San Francisco transplants Christine and Steve Schillinger enjoy German Village's red bricks.

In German Village, it's easy to be drawn outdoors in the summer. Restaurateurs open their brick patios for open-air dining. Shop owners move their merchandise outside for sidewalk sales. And artists perform concerts and dramas in the park.

Homeowners, too, deck out their front porches, fill their window boxes with flowers, transform their intimate backyards and create pocket gardens at their historic brick homes. Just ask village residents Christine and Steve Schillinger, who moved from California to Columbus three years ago and have fully embraced their historic home's outdoor living spaces.

“Although we're two miles from Downtown, it feels like we're secluded with all our trees and the park nearby,” says Christine, who enjoys hosting dinner parties on their home's tree-lined back patio or relaxing with a cup of coffee or a glass of wine on their wide front porch, which overlooks the 23-acre Schiller Park.

The Schillingers moved to the village in 2015 after living for years in the San Francisco Bay area. There, the couple had purchased what they thought was their forever home, which was complete with a pool. But Steve received an offer to become the chief executive officer of Salon Lofts, which is headquartered in Downtown Columbus.

In their search for a new home, the Schillingers toured many of the city's neighborhoods before they discovered German Village's charm.

“There were no bricks in California, so to see brick throughout an entire community was a beautiful thing,” says Christine. They ended up purchasing a Queen Anne home with a gabled roof and slate shingles. The home was originally built in 1897 for Charles Frank and had recently been renovated with a two-story addition, a back patio, a pool with a fountain and new landscaping.

When the Schillingers moved in, they added their personal touches to the exterior starting with the front porch where they painted the oversized front door red for a pop of color. They furnished the porch with a black swing and a bistro set to complement the black-and-white, graphic-patterned tile floor and the large, arched front window that's trimmed in black. Layers of both rounded and squared boxwood hedges, in addition to multiple azaleas, create a lush transition between the porch and the sidewalk. Along the street, a large maple tree adds character and shade to the front lawn.

In back, more trees and shrubs create an intimate park-like setting for entertaining, as well as viewing from the addition's great room and upstairs master suite. A pergola-covered dining terrace extends from this addition. Painted charcoal gray, the pergola is trimmed with strings of market lights. Four round columns help define the space, yet provide open views to the landscaped backyard. Broad steps lead down to a formal limestone patio featuring a rectangular fountain pool with eight crisscrossing water sprays.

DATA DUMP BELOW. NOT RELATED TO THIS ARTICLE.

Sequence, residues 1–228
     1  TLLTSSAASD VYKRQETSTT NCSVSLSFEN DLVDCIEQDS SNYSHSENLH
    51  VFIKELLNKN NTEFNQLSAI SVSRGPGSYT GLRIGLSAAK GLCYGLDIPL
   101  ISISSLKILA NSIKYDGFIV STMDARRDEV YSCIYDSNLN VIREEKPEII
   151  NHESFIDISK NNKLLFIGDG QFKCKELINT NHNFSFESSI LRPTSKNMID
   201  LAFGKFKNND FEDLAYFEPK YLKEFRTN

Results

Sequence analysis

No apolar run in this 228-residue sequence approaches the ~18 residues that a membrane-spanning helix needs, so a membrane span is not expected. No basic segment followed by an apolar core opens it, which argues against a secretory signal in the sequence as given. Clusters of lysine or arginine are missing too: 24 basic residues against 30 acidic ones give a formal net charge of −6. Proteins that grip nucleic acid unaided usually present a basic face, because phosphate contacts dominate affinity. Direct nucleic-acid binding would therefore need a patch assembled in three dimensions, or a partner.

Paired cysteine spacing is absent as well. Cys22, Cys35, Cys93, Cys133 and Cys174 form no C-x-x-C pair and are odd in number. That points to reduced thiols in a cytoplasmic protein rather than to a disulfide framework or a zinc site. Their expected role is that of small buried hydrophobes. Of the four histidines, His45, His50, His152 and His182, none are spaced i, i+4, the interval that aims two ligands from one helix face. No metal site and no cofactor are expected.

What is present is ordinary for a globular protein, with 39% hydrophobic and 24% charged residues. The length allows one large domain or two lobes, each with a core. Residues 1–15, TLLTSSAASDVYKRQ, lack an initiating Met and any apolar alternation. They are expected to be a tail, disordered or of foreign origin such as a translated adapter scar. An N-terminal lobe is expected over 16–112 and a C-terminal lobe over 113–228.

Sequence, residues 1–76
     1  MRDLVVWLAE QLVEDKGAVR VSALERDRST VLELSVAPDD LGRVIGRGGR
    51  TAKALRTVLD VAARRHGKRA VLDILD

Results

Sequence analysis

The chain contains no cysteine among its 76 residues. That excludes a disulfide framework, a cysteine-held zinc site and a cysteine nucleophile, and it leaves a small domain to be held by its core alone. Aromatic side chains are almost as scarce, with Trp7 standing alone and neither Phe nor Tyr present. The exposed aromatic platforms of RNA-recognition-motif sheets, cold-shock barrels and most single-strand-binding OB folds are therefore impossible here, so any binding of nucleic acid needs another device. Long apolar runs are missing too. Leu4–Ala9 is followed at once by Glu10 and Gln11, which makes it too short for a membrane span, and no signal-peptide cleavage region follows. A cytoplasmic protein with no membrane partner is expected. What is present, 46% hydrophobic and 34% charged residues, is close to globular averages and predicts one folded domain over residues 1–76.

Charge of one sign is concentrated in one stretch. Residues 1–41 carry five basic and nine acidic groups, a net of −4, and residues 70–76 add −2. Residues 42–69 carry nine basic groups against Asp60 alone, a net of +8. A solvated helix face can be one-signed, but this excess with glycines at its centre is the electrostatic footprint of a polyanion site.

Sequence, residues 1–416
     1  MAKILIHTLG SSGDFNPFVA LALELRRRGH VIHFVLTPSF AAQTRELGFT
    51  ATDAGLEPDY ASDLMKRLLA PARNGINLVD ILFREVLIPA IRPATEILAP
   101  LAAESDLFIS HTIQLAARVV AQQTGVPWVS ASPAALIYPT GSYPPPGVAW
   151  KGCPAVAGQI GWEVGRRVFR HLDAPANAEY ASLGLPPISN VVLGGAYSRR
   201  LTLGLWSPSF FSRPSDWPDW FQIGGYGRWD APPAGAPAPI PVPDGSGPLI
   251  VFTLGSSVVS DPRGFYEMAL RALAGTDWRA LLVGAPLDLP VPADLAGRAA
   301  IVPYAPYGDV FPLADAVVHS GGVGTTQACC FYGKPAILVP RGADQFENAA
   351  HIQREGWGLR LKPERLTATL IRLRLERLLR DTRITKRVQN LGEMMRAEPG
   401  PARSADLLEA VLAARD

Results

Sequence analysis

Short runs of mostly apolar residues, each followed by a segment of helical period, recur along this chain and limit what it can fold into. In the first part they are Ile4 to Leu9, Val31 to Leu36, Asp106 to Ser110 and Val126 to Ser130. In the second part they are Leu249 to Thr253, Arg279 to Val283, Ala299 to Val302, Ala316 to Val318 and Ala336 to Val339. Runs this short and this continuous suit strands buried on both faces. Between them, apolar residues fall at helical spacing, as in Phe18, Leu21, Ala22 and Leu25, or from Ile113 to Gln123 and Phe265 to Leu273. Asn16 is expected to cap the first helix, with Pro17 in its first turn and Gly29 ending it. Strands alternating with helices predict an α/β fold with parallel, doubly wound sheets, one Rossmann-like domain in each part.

A low boxwood hedge frames the patio, and spring-flowering dogwood and magnolia trees add further interest. A wood-planked fence, also in charcoal gray, encloses the backyard and features an attractive trellis detail along the top edge. A row of European hornbeams creates an additional buffer of privacy along the fence. Two other backyard highlights include an allée of additional hornbeams along a side path leading to a gate and a smaller rear patio and pergola covered with wisteria vines.

Besides a few squirrels in the attic, Christine says the biggest challenge with their home has been the constant upkeep that comes with an old home.

“It's become our hobby,” she says. But they have willingly embraced the move from their 3-year-old California home to this 120-year-old house. Future projects include creating a stained-glass window for the front door and adding some summer-blooming hydrangeas to the front landscape.

This summer, the couple is enjoying hosting summer barbeques or inviting friends to join them for a picnic dinner and Shakespeare play, which is staged in the park just across the street.

In 2016, they opened their home for the German Village Haus Und Garten Tour. And, for the past two years, they've hosted pre-Tour dinners including one with a Bavarian theme honoring the Oktoberfest, which years ago was held across the street in the park. Last year was the park's 150th anniversary, and Christine says they celebrated its history by recreating a German beer garden in their backyard—complete with tables, white linens, blue runners, wheat husk centerpieces and beer steins. Christine works as an instructional designer, so she welcomes these events as a creative outlet.

“It's my chance to get artsy,” she explains.

This spring, the Schillingers brought home an English Labrador retriever puppy named Haley, who is coaxing them outdoors even more for play time at the park, Sunday walks to Jeni's ice cream shop and an occasional splash in the backyard pool.

"[The pool] is only two-and-a-half-feet deep, but that doesn't stop her from playing in it,” says Christine.